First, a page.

Last summer we witnessed one of the most brutal attacks on Gaza and the Palestinian people as a whole. More than 2,100 people were killed, more than 11,000 injured and 100,000 homes were destroyed. Israel’s one-sided war on the Palestinian people was not an accident. It was not because of three kidnapped boys and it wasn’t because of Hamas. Israel’s attacks were a war on women.  Their offensive war was genocidal and targeted women and children in an attempt to eventually ethically cleanse the entire Palestinian population.

Since the establishment of Israel in 1948, the occupation forces have not targeted militants or training grounds. They have always targeted homes, families, and neighborhoods. During the attack on Gaza, 89 families were exterminated. 89 families simply ceased to exist anymore, their lives and names lost forever.. This bitter reality has been going on for as long as the occupation has. This genocide isn’t because of one corrupt politician or just a couple of racist leaders and soldiers. This strategy is embedded in Zionist ideology. Ayelet Shaked, a woman Israeli politician and parliament member said:

“They have to die and their houses should be demolished so that they cannot bear any more terrorists,” Shaked said, adding, “They are all our enemies and their blood should be on our hands. This also applies to the mothers of the dead terrorists.”

Palestinians are known to Israelis as a “demographic threat.” According to Zionism, in order to get rid of the population that causes such a threat it is imperative  “to rape the wives and mothers of Palestinian combatants” to deter attacks by Hamas militants, as Mordechi Keder, a former Israel military intelligence officer claimed. The racist and misogynist rhetoric coming out of those Israeli officials’ mouths is directly associated with policies and conditions that Israel creates to wipe out Palestinian women who give birth to generations of fighters. Rana Baker,  a student of business administration at the Islamic University in Gaza and a freelance journalist, is active on numerous political issues facing Palestinians.  Baker observed:

“To be honest, when it comes to the impact of Israel’s siege and colonial policies on the people of Gaza, indeed all of Palestine, I do not think that the experiences of men and women differ from each other.  When Israel deliberately bombards schools, both males and females are affected. When talking about the limits Israel forces upon our aspirations, both genders share the same suffering. The Israeli government acts with indifference to the Palestinian population. The same lethal policies are applied to men, women and children in an indiscriminate manner.”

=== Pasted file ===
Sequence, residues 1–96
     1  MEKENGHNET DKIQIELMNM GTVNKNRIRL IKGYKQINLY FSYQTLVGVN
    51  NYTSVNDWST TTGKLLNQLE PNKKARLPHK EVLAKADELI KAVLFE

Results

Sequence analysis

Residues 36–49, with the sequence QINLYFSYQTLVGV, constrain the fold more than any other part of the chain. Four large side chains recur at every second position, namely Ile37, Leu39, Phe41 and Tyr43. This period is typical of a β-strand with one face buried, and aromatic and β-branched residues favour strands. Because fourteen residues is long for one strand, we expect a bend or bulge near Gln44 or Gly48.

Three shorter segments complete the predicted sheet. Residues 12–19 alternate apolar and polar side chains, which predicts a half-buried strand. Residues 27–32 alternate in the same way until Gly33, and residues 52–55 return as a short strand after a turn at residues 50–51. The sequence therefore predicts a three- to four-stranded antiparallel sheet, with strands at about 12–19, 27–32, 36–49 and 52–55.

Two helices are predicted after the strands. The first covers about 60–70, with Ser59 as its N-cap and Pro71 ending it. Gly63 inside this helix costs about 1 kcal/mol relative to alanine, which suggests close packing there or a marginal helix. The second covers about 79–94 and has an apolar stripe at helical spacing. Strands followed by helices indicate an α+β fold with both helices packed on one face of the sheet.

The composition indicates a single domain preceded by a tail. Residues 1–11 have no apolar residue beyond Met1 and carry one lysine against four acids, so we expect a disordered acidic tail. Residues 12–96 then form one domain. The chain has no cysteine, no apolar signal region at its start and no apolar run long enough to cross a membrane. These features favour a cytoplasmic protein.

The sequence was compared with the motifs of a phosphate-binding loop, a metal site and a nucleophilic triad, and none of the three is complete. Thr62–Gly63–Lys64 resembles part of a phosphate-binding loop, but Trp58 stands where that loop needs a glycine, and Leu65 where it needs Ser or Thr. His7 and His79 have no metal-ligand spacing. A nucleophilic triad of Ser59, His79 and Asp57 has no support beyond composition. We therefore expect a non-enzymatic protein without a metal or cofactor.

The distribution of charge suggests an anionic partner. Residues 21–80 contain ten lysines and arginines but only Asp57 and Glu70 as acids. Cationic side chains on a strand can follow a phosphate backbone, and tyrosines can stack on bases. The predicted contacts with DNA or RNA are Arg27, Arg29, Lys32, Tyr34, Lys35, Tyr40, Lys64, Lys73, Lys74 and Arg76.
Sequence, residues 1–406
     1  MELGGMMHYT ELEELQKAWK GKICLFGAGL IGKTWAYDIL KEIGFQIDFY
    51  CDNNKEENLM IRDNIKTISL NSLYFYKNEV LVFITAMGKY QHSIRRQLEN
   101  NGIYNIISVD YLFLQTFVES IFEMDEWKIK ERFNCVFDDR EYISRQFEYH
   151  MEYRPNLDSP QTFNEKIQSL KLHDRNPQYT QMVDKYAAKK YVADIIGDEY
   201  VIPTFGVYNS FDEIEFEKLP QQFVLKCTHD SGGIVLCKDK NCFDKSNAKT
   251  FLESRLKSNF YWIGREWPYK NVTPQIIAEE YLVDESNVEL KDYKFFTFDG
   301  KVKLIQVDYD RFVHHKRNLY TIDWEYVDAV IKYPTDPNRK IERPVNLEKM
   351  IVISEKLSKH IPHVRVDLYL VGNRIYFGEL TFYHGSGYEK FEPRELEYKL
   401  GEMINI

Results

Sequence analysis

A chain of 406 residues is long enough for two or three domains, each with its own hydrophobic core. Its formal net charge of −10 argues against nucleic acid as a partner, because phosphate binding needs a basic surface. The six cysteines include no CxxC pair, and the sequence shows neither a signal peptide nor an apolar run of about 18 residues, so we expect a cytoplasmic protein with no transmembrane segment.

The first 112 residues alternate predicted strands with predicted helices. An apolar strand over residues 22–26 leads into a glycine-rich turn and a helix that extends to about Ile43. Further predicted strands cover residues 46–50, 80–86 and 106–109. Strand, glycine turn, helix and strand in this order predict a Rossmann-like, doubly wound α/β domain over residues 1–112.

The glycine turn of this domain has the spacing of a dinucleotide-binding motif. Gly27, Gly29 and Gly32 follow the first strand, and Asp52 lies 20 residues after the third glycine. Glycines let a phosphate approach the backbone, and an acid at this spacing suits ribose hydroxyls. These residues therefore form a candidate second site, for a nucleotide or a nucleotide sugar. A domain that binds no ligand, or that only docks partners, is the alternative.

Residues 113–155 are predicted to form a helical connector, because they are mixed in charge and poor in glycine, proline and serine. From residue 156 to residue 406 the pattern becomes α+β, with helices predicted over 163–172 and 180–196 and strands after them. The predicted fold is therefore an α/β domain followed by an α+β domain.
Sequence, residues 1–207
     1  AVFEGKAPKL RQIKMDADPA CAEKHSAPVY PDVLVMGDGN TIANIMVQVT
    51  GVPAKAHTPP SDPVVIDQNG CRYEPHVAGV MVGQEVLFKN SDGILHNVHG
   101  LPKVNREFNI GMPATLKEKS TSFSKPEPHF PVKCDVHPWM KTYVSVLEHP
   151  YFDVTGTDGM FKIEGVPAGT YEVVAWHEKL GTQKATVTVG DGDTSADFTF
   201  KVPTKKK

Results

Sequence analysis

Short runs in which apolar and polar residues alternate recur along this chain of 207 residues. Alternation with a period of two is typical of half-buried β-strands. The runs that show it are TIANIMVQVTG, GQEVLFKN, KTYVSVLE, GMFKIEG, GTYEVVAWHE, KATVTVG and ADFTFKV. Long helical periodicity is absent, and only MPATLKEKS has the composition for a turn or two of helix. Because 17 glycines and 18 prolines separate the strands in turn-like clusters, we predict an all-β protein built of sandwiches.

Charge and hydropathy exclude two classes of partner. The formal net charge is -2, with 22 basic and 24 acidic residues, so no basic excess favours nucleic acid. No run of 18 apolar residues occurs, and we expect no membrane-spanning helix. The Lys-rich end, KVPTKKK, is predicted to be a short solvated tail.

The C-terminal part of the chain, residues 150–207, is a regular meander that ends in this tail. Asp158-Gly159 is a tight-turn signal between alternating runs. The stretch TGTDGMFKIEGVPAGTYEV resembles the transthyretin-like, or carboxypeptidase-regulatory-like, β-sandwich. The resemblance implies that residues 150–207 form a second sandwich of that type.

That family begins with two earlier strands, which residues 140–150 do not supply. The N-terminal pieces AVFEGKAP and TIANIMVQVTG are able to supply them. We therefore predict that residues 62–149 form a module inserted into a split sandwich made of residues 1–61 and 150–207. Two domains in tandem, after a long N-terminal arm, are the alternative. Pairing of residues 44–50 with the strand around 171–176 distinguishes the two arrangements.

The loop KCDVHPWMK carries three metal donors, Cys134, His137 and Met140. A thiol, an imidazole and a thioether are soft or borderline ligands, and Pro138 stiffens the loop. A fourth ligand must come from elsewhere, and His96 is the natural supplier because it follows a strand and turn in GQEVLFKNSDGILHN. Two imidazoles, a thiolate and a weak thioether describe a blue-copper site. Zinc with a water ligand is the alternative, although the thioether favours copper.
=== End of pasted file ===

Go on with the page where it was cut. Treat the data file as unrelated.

And while that is true, the siege-manufactured poverty has led 80 percent of Gaza’s 1.6 million Palestinians to be food-aid dependent and has caused increasing rates of malnutrition and anemia in women. A joint report by Medical Aid for Palestinians and Save the Children noted that anemia affected 36.8 percent of pregnant women in Gaza and that anemia can result in “poor pregnancy outcome, and contributes to 20 percent of all maternal deaths.”The forces of occupation purposely sustain high rates of miscarriages by blocking basic resources such as water and medical supplies, forcing women in labor to wait at military checkpoints on their way to a hospital, and generally creating inhumane and unlivable conditions for Palestinians. Despite the countless deaths and destruction caused, as well as the intensifying hate speech in mainstream Zionist politics, all U.S. Senators unanimously passed Senate Resolution 498 to give full support to Israel’s actions.

The United States government gives Israel over 3.1 billion dollars EACH year in “aid.” Israel uses that money for its military and industrial development and building settlements on stolen land. Hillary Clinton, a so-called feminist and a Democratic presidential candidate, recently stated that if elected she would reaffirm the unbreakable bond the U.S. has with Israel and Netanyahu.This is why it is so important for us to stand up against the hypocritical political claims of the U.S. government. Clinton has made a point to publicize her support of women’s issues as being at the core of U.S. foreign policy. She has visited states all over the world, from South Africa to the Democratic Republic of Congo, talking to survivors and condemning systematic violence against women. But while she addresses these issues, she simultaneously advocates for policies that directly oppress women. As mentioned, Clinton is an outspoken supporter of Jewish settlements in the West Bank, which seek to grab more and more land from the Palestinians.